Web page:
Meghan Markle: Royal expert gives court case update
The royal aides who worked for the Duchess of Sussex could “shed some light” on the drafting of the handwritten letter to estranged father, Thomas Markle, but were “strictly neutral”. Meghan, 39, is suing the publisher of The Mail On Sunday and MailOnline over five articles in February 2019 which reproduced “extensive extracts” from the letter sent to Mr Markle, 76.
She sent the letter to her father in August 2018 after marrying Prince Harry. Mr Markle did not attend the wedding.
Meghan claims her privacy and copyright were breached by the newspaper group.
Her lawyers say the publication of the letter was “self-evidently…highly intrusive”.
Associated Newspapers Limited (ANL) claims Meghan wrote the letter “with a view to it being disclosed publicly at some future point” in order to “defend her against charges of being an uncaring or unloving daughter”. She denies this.
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Meghan is seeking damages from ANL for alleged misuse of private information, copyright infringement and breach of the Data Protection Act.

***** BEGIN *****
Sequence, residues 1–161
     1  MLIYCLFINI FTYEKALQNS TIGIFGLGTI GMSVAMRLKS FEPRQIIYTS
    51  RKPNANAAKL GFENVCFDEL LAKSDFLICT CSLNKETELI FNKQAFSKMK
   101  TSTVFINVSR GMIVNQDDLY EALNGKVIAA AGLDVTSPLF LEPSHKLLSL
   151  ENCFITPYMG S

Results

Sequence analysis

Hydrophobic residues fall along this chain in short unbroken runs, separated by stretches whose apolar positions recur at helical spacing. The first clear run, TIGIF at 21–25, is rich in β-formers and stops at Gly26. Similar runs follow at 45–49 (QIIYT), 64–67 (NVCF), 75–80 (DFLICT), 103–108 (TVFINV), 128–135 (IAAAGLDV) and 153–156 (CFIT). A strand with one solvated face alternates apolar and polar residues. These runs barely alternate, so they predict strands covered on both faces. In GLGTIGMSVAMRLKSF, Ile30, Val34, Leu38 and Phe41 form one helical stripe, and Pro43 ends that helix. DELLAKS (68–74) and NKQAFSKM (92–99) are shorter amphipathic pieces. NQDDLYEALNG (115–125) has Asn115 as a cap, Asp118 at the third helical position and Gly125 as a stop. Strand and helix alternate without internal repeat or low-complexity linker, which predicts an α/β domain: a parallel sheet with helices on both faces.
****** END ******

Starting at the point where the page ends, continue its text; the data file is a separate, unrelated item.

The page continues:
Her lawyers have applied for “summary judgment”, a legal step which would see those parts of the case resolved without a trial.
ANL argues the case is “wholly unsuitable for summary judgment”.
Antony White QC, representing ANL told the court that a letter from lawyers representing the so-called “Palace Four” said they would be able to “shed some light” on the drafting of the five-page letter.
In the letter sent on their behalf, their lawyers said: “None of our clients welcomes his or her potential involvement in this litigation, which has arisen purely as a result of the performance of his or her duties in their respective jobs at the material time.
“This is particularly the case given the sensitivity of, and therefore discretion required in, their particular roles in the Royal Household.”
It added: “Nor does any of our clients wish to take sides in the dispute between your respective clients. Our clients are all strictly neutral.
“They have no interest in assisting either party to the proceedings. Their only interest is in ensuring a level playing field, insofar as any evidence they may be able to give is concerned.”
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He also told the court further evidence about whether Meghan “directly or indirectly provided private information” to the authors of an unauthorised biography Finding Freedom would “likely” be heard.
The full trial of the duchess’s claim was due to be heard at the High Court this month, but last year the case was adjourned until autumn 2021 for a “confidential” reason.
At the conclusion of the hearing on Wednesday afternoon, Mr Justice Warby reserved his judgment, which he said he would deliver “as soon as possible”.
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